All of your meals and non-alcoholic beverages are included in the price that you pay before you embark on your expedition, and so there is no need to worry about the bill that you might be racking up purely by trying to enjoy yourself. This also includes the nibbles and hors d’oeuvres which are regularly offered during recap sessions and the self-service beverage station which is found in the Chart room on the Explorer. Alcoholic beverages are not included in the initial price but are available in the various lounges, bars, restaurants and bistros.
The food on board is an event in itself and you may find yourself looking forward to meal times almost as much as you hanker for the next stunning destination to explore. Menus have been created by top chefs to often reflect the natural landscapes that you are discovering and ingredients are locally sourced wherever this is possible. There are no seating reservations taken for any of the meals, so whether it’s time for a fuelling breakfast at the start of the day, a light buffet-style lunch, or a full-on sit down extravaganza in the evening, you will never be told where to sit or who to sit with.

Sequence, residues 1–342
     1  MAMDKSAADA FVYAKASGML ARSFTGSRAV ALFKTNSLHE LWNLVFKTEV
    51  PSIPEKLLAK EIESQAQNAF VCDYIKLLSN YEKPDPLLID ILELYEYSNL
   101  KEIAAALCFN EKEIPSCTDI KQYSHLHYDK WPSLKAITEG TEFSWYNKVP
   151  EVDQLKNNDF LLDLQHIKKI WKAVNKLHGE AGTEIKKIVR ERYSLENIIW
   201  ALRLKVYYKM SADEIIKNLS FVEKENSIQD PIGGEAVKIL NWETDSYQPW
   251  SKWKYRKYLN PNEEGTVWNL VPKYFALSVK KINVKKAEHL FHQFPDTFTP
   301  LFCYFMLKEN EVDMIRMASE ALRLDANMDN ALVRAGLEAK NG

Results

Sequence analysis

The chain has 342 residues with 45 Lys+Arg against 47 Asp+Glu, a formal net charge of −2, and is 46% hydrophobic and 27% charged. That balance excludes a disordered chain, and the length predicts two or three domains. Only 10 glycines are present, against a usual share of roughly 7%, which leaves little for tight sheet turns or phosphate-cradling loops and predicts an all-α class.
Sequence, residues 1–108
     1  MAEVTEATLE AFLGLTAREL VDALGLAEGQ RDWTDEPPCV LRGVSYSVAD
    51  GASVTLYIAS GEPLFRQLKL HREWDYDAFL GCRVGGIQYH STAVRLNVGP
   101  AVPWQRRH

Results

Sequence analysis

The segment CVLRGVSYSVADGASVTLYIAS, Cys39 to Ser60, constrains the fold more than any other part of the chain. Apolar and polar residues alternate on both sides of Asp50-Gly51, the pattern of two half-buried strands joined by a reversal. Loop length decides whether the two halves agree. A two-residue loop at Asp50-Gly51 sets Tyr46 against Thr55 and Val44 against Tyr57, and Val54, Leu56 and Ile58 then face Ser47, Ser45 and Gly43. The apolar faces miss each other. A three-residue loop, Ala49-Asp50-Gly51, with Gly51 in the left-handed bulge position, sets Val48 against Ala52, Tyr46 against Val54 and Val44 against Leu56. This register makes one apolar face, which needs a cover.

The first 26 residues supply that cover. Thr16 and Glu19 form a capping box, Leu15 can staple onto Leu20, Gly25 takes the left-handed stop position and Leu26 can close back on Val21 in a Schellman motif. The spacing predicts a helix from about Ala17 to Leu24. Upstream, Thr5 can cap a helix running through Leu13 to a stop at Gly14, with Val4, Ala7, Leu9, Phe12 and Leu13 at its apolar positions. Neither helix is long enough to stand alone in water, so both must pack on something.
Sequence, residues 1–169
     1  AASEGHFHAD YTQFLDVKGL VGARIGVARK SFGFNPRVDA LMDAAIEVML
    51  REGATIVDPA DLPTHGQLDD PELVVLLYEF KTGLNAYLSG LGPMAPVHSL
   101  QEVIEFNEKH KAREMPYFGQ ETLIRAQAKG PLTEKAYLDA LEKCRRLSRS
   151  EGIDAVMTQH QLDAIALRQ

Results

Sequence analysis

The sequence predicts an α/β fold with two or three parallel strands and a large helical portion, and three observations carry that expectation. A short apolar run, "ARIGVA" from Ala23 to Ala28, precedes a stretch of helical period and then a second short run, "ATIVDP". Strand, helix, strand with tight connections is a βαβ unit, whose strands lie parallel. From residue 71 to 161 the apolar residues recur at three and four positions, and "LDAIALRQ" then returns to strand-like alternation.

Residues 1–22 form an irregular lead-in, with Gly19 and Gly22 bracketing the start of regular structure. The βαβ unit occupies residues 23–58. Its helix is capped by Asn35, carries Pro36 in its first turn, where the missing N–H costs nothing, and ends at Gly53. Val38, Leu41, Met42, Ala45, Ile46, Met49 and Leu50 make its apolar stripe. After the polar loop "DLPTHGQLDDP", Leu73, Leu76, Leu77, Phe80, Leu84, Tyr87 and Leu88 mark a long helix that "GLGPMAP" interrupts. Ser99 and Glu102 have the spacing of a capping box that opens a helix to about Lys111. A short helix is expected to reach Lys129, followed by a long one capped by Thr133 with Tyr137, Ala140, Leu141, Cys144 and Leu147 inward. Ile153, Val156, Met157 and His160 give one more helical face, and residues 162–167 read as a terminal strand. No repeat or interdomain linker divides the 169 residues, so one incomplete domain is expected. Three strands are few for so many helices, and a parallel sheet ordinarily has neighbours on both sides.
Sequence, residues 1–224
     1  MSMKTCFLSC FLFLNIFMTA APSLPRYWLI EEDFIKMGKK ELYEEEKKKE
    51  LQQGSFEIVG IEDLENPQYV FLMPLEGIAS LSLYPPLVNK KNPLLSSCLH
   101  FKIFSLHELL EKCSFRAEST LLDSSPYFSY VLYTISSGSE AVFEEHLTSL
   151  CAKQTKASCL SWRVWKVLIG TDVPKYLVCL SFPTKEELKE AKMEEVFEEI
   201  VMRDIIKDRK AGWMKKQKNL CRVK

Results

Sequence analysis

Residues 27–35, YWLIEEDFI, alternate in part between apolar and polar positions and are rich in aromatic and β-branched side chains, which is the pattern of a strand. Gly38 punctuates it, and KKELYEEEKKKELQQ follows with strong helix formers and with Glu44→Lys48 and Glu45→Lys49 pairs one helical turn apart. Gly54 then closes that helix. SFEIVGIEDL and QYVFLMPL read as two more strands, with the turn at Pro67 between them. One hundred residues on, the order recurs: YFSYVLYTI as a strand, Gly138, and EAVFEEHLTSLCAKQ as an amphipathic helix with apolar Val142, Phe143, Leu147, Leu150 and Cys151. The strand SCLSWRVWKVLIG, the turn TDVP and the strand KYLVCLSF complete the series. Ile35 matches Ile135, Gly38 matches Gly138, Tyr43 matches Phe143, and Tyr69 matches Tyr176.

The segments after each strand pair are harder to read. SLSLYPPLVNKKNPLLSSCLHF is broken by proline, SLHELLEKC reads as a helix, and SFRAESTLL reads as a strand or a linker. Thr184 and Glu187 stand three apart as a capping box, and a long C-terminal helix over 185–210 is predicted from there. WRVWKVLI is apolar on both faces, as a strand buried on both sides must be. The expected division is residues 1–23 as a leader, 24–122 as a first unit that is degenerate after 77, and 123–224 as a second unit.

Meals can range from relaxed and casual, table-served a la carte offerings to spontaneous on-deck BBQs and buffet-style afternoon teas. But whether it is the smell of the freshly baked bread or the lure of a carefully crafted menu that gets you to the table; you are sure to enjoy everything that is placed upon it.
There are a range of fantastic public areas on both ships that are designed to make you feel at home on the waves and give you plenty to do when you are not off doing your best Ernest Shackleton impression. If you need to relax after a long day’s trekking then there are plenty of different options that will help replenish those energy supplies. There’s the opportunity to treat yourself to a calming massage in the spa or reinvigorate those frozen limbs in the sauna. You could take a dip in Orion’s whirlpool Jacuzzi or simply head to the observation lounge for a quiet chat and a view of what the very near future may hold.